1025 m. |
Translation: Malcolm's hill
Pronuncation: byn cha-lam
29 May 2015 saw us arrive at Edinburgh Airport from Cologne and Berlin on time and full of anticipation. The weather was much better than we had expected it to be. The waiting line at the car rental was short and off we went quite swiftly.
The first hill of the May/June 2015 “campaign” was to be Ben Challum which is a good hill for an afternoon hike since its ascent from Kirkton Farm is straightforward and very quickly done. The choice of Kirkton as the starting point also signalled our decision to skip the slightly longer but likely more interesting approach to the hill via its north-east ridge due to time constraints imposed upon us by the advanced hour of the day. We reached the farm buildings using the minor road that leaves the A82 a few kilometres west of Crianlarich. Right in front of the Farm the West Highland Way runs parallel to the railway line. We parked the Vauxhall in a little parking provided by the farmer (Thanks!). Then the stuff we needed for the short hike was torn from our suitcases and disappeared into the rucksacks. Hiking clothes were found, put on and boots were laced.
After a short glance at the ruins of St. Fillan’s Priory we took the Land Rover track leading uphill towards the rail tracks. We crossed the tracks and continued uphill for a few dozen metres until we picked up traces of a path and later the path proper which we were able to follow all the way to the summit of Beinn Challum. But before we got there seemingly endless slopes of grass interspersed with two deer fences, the occasional squishy section and the odd peat hag needed to be climbed.
This was no problem, though, since the weather had been mostly dry the days before we arrived in Scotland. The views became more extensive as height was gained. An overcast day with high clouds and the occasional ray of brilliant sunlight. Not the worst hillwalking weather at all.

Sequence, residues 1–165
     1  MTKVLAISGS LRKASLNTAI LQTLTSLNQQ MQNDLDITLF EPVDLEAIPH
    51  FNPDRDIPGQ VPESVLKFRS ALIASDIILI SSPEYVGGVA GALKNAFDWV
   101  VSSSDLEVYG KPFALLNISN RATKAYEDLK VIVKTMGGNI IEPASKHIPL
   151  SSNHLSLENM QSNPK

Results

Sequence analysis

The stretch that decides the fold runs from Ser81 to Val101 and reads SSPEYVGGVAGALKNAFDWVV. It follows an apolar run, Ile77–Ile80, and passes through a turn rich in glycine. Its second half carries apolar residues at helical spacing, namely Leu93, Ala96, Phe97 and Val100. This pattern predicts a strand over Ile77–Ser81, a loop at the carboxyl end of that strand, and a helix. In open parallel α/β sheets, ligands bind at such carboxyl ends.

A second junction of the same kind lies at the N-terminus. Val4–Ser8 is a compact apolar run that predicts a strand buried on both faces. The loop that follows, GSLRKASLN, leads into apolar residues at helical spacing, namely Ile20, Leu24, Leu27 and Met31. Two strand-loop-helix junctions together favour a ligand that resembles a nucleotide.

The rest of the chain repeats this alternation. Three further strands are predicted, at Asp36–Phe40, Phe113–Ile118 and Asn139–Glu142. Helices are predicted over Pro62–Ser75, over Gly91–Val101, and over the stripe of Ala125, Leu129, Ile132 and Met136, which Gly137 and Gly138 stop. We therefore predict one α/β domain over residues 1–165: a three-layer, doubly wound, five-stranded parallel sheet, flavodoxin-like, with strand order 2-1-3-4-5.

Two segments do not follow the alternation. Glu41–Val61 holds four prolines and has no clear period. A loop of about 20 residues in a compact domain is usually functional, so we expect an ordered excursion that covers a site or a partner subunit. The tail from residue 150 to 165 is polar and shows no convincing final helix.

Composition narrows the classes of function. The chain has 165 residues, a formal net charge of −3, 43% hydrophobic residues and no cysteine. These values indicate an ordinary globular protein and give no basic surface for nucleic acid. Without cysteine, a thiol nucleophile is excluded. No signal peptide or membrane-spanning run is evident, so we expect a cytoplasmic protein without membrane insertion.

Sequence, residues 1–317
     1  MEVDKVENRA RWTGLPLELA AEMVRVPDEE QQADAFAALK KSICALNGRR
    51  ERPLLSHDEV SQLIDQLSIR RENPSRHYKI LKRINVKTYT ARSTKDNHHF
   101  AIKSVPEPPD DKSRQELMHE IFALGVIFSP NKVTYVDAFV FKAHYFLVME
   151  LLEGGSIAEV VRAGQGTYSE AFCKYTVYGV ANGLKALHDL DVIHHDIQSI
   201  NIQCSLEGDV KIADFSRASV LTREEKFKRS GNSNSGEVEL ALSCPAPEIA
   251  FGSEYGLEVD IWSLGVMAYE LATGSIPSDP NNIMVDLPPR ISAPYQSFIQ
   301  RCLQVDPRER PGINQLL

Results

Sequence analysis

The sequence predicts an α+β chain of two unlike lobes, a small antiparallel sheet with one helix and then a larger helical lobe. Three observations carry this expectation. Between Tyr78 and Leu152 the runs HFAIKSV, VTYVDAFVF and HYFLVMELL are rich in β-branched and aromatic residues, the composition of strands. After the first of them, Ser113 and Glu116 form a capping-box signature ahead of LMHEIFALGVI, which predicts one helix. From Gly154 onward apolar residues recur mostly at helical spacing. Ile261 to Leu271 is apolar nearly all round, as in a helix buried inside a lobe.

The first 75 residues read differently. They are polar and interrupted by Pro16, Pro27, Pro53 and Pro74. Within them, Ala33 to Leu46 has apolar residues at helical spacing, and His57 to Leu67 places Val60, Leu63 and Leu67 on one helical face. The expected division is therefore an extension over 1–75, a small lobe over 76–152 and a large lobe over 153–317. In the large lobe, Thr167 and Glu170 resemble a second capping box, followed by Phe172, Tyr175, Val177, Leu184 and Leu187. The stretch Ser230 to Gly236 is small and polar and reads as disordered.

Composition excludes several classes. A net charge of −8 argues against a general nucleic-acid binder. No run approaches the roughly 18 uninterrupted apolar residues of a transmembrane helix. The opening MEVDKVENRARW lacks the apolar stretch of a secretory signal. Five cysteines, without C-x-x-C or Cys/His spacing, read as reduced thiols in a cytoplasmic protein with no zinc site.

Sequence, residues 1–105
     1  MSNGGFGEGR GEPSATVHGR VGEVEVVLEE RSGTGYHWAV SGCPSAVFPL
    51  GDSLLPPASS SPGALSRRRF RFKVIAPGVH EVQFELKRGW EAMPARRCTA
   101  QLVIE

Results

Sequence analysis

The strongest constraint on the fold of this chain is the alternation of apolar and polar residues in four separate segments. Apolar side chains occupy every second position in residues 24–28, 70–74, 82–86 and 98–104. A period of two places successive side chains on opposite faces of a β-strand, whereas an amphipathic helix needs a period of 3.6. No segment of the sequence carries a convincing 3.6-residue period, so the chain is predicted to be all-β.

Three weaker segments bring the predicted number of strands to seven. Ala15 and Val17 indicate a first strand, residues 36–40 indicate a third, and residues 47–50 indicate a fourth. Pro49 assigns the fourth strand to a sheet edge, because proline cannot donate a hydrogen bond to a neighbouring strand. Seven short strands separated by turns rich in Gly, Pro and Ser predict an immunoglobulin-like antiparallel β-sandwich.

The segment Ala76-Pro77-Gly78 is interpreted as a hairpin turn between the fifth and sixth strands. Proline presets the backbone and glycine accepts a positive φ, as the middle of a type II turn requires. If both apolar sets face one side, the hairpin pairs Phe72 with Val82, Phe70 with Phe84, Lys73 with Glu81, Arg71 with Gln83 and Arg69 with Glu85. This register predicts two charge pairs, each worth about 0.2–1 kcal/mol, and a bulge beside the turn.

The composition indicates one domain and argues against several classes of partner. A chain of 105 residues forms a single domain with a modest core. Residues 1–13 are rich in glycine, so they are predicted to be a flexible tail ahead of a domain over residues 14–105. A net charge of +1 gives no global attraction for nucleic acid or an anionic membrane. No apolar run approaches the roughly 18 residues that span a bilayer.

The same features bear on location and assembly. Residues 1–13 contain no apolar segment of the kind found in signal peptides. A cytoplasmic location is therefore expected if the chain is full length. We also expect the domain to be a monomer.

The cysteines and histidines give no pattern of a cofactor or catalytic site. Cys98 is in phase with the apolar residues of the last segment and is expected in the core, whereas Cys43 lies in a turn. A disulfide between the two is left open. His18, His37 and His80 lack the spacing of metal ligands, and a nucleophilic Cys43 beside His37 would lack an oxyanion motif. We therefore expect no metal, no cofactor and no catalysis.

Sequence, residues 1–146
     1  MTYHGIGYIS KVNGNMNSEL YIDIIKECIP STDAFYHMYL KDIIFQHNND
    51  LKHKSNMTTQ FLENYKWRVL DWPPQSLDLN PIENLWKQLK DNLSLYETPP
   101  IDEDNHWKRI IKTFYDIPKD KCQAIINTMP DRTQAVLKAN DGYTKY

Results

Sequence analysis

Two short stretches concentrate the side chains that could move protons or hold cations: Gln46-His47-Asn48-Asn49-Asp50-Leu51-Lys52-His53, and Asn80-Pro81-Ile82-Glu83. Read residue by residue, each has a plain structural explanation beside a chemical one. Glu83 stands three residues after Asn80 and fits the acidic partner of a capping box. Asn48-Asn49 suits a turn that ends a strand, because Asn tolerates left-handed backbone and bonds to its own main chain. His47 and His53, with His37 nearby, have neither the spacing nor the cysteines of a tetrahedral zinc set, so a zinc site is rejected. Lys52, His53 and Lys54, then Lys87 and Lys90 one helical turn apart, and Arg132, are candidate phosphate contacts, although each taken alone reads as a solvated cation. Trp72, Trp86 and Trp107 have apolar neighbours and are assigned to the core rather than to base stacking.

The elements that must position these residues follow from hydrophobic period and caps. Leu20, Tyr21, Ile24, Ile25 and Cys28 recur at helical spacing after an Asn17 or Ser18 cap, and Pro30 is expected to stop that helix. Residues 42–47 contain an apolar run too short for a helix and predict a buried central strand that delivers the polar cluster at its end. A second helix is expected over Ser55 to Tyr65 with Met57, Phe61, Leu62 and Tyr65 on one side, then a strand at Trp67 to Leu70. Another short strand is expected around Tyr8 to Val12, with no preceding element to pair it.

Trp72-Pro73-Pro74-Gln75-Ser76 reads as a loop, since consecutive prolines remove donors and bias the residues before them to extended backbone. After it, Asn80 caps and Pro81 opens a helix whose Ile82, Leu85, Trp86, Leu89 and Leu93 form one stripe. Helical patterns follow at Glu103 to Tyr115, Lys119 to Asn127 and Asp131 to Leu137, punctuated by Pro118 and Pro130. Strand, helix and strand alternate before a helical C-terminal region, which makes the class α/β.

Then the south top of Ben Challum came into view. Once we got there the terrain became more interesting for a few minutes since the way from the south top to the main summit is via a short narrow section of rocky ridge. Nice for a change. Soon, however, the ridge became wider again. The path dips a bit and crosses a shallow bealach and then climbs up the final rocky section of Ben Challum’s summit slopes. From the summit cairn the views were extensive. We very much enjoyed seeing the Glen Lochay and Glen Lyon Munros climbed a few years earlier from the south and the west. Towards the south the Crianlarich hills were prominent just as were Ben Oss, Ben Dubchraigh and Ben Lui when looking in a westerly direction. A great summit panorama.
Since it was already late in the day (about 5:30 pm) we soon left the summit again and headed back towards the glen reversing the route of ascent. This was an easy return leg of the hike and we had time to saviour the views towards the Crianlarich hills. A few squishier sections on the steepish slopes above the West Highland Railway need some attention in order not to slip and fall. But all in all we made it back to the car in four hours with a few minutes to spare.
An easy start to Alba 2015. Good views and a benign atmosphere helped making this purportedly boring ascent an enjoyable short afternoon outing. The beginning to the Munro walking holiday 2015 was made and in style. All that was left was a relaxing evening in the Bridge of Orchy Hotel; also spent in style if I may add this wayward observation. 🙂
Max elevation: 1028 m
Min elevation: 154 m
Total climbing: 992 m
Total descent: -985 m
Total time: 04:26:15
Description The north-east side of Strath Fillan between Crianlarich and Tyndrum is dominated by the slopes of Ben Challum, the largest and highest hill on that side of the strath. Seen from Crianlarich, the main impression of the mountain is a wide expanse of grassy hillside rising above the River Fillan at an easy angle to the South Top, behind which the true summit is hidden. The other side of the mountain overlooking the head of Glen Lochay is steep and craggy, and from that direction the summit appears to be quite pointed.The ascent is usually made from Kirkton Farm in Strath Fillan. From there cross the railway just above the old graveyard of St Fillan's Priory and climb north-eastwards up wide featureless slopes. The ascent goes over a small knoll and across flatter ground to the final rise to the South Top. From there a fairly narrow ridge continues north to the summit.